Proceedings of the

The 33rd European Safety and Reliability Conference (ESREL 2023)
3 – 8 September 2023, Southampton, UK

Strategic Decisions under Uncertainty: A Role for Requisite Risk Models?

Lesley Walls

Department of Management Science, University of Strathclyde, Glasgow, Scotland.


This talk reflects on several projects - past, present, and planned - where there is a commonality in the methodological modelling challenge although diversity across the real-world problems addressed. The problems include making strategic choices about novel technological concept design to be robust to future uncertainties; making strategic decisions to manage risk and enhance resilience in Arctic search and rescue; and informing effective strategies to be able to respond to future malicious attacks in urban areas. All problems can be characterized by different types of uncertainty, decisions to be taken in a context of multiple stakeholders and choices to be made that have long-term implications for a socio-technical system. Framing the problems as one of making choices under uncertainty to manage risk, we examine an analytical approach that that allows us to create requisite models. That is, models whose "form and content that are sufficient to solve a particular problem" (Phillips, 1984). In turn, we argue such models can enable us to create solutions that, according to the economist John Maynard Keynes are "roughly right rather than precisely wrong".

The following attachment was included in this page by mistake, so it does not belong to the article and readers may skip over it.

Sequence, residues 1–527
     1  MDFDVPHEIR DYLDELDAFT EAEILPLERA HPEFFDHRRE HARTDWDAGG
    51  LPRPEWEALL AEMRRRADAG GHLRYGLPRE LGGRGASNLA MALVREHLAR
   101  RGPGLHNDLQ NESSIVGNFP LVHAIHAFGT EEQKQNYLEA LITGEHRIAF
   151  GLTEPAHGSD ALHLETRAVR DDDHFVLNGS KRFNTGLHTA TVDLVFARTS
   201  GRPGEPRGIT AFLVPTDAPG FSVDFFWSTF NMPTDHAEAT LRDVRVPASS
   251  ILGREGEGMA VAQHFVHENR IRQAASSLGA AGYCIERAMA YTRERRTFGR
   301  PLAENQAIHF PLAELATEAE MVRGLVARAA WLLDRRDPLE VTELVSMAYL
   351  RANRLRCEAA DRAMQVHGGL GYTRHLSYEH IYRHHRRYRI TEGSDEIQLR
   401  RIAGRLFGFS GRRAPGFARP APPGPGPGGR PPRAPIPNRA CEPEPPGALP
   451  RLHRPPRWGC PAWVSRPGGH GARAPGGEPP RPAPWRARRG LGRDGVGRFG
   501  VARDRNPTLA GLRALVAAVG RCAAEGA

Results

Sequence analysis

A particular challenge is how we appropriately mix relevant methods to create a defensible methodology. We have faced/are facing this challenge in the context of the motivating problems where we mix methods ranging from scenario planning (Cairns and Wright, 2017) to stochastic modelling (Aven and Jensen, 2013). On the face of it these methods are more usually associated with different types of uncertainties, supporting analysis of risk to inform decisions at different organizational levels and planning horizons. However, by structuring models at an appropriate level of the unit of analysis for the problem it can be feasible to provide a meaningful bridge between the deep uncertainties surfaced through foresighting with those uncertainties grounded in experience. We share examples of how we have achieved this and discuss the practice benefits achieved as well as the scientific challenges remaining.

Keywords: Scenario analysis, Decision making under uncertainty.

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